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Athol YMCA To Bring After School Programs to Quabbin Students

Monday, January 28, 2013


Thanks to the hard work of two high school students, the Athol Area YMCA and the Quabbin Regional School District, two new exciting afterschool programs will be open to Quabbin's Middle and High School students and Ruggles Lane elementary students starting February 4th.

That is exactly what the research done by In 2011, two then high school seniors, Katherine Copeland and Tove Freeman, conducted an honors research project that identified a need for "things to do afterschool for teenagers" for Quabbin area youth. They discovered that involved and engaged youth are less likely to participate in risky behavior and more likely to become contributing citizens.

The two then convinced community leaders of the need, and thanks to the help of State Senator Stephen Brewer (D-Barre), state funding was appropriated to establish afterschool programming for Quabbin community youth.

"Because there will be emphasis on health, fitness, and nutrition, we hope students see and feel the value of making wise choices instead of ‘hanging around’ like the proverbial couch potato," says Chris Nosel, Academic Programs Coordinator for Quabbin Regional High School and the former honors research advisor for Katherine and Tove.

"We have not had such an organized structure. We have extensive co-curricular offerings, but nothing of a ‘drop-in’ type atmosphere where kids can relax and just be a kid in a supervised atmosphere."

The students who performed the study identified the need based on their personal experience and observation of what the Quabbin area offered compared to neighboring, larger urban communities.

"As identified by the students research, because of our rural location, there is very little for students to do after school," says Nosel.

The study consisted of a creating a community wide survey distributed to all ages, as well as the use of ADA substance abuse survey data and CDC Youth Risk Behavior Survey data to support their hypothesis. They then concluded after careful research that the YMCA the widest range of possible programs at the most affordable prices.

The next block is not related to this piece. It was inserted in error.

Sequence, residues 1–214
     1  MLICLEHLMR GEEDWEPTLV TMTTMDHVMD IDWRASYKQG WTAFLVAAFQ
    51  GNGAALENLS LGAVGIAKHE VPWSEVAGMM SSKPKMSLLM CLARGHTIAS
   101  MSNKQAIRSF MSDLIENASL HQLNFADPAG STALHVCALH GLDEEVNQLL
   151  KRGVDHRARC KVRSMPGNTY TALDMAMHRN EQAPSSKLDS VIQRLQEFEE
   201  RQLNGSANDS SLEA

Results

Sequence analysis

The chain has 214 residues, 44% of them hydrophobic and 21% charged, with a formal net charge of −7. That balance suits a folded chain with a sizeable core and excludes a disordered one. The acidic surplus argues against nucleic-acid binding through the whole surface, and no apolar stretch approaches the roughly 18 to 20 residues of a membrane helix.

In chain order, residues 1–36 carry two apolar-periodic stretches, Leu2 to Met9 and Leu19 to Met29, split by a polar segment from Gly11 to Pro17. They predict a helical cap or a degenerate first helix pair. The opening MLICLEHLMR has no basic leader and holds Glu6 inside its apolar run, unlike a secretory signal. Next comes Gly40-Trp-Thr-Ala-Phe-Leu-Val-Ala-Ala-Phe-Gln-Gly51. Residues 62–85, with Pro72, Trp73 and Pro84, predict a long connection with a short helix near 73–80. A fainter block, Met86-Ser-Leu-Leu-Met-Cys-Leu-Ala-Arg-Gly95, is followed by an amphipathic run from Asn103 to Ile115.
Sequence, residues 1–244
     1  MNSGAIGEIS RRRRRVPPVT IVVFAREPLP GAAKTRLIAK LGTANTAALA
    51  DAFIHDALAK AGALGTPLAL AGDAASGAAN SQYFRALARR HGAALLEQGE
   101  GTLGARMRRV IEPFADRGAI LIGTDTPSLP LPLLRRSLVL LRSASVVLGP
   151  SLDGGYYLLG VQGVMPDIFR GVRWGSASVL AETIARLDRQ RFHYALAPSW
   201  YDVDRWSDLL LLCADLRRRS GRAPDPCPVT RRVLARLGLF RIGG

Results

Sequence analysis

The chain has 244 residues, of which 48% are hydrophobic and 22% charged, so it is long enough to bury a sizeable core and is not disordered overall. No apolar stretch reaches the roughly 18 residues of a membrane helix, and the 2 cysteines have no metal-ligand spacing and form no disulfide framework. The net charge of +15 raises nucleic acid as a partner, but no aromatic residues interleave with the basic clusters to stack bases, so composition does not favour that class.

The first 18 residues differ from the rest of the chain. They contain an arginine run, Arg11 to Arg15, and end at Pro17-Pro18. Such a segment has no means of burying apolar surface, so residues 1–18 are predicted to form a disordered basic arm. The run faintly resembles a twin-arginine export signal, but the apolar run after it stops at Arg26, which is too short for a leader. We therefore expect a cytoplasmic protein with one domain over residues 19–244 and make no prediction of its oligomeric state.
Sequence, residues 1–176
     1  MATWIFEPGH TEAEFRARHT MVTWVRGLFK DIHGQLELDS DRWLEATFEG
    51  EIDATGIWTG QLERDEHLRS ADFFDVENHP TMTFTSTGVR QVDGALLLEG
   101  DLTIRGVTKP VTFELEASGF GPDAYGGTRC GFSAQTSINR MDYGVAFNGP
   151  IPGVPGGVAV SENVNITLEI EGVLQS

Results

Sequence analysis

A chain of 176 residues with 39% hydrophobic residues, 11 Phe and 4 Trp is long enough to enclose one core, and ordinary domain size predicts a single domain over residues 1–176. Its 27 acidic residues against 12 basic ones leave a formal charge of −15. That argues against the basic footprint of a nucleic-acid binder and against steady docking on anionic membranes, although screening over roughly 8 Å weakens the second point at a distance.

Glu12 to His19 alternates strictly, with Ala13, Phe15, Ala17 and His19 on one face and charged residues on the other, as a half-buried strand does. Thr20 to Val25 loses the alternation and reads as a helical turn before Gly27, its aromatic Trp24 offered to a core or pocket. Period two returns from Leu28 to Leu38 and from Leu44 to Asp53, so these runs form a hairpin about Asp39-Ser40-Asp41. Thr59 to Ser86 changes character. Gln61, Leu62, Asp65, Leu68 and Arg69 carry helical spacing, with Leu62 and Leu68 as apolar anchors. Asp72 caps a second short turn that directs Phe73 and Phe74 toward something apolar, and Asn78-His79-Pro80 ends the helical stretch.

Some of the activities the Y will be running include Leaders Club, dance-related exercises such as Zumba, yoga, cooking, free-lance art expression, Wii Kinect for a variety of activities, homework help, a community service project that the students will decide upon, and classroom teachers as academic tutors for academic remediation and support. Some students have asked for college prep help as well like the SAT, college essay writing and college research, all of which the Y has experience with and programs for.

"Leaders Clubs help develop youth ages 12 to 18 as leaders while fostering a culture of service. With adult advisors, teens have role models and mentors who can have a positive impact on their lives as they grow in their desire and ability to be a positive force in the community," says Nosel, speaking specfically of the Leaders Club. He goes on, "in the cooking classes, the students will research healthy recipes before making them. The Y has adopted the Healthy, Family Home program, which encourages physical activity and healthy food choices. All leading to a healthier lifestyle."

All the activities will encourage camaraderie among the students as well, giving them a sense of purpose and the tools by which they can make wise behavior choices and improve upon their academic performance.

“The programs are designed with the help of Quabbin’s middle and high school administrators and Quabbin high school students,” explained Ms. Jeanette Robichaud, the YMCA’s executive director. “We are fortunate to have a seasoned Y program director willing to guide the development and implementation of the programs too."

Nekr Jenkins of Barre will assume that role, working closely with students and Y staff to bring meaningful and engaging activities, programs, and events to the Quabbin Youth Initiative.

The programming will be separate for the middle school students who will participate on Tuesdays and Fridays from 2 – 5:30 p.m. and high schoolers will enjoy the Y area on Mondays and Thursdays. Transportation will be provided daily at 5 p.m., following the Quabbin ‘late bus’ stops. There is a minimal daily fee for participation but members may earn Y bucks for participating, doing homework, and meeting the goals of the program.

Registration forms are now available at the high school and middle school offices. Although designed as a drop-in center, only those who are registered my take part in Y programs.

The Ruggles Lane program, "Y Kids at Ruggles Lane," will be directed Melissa Eaton who will oversee enrichment programs that complement and enhance student’s academic days. The school will distribute pre-registration forms shortly.

Now college freshmen, it is a thrill for Tove and Katherine to see their initiative come to reality. Tove is studying at Brandeis University and Katherine at UMass Amherst. Both have aspirations as medical professionals. 


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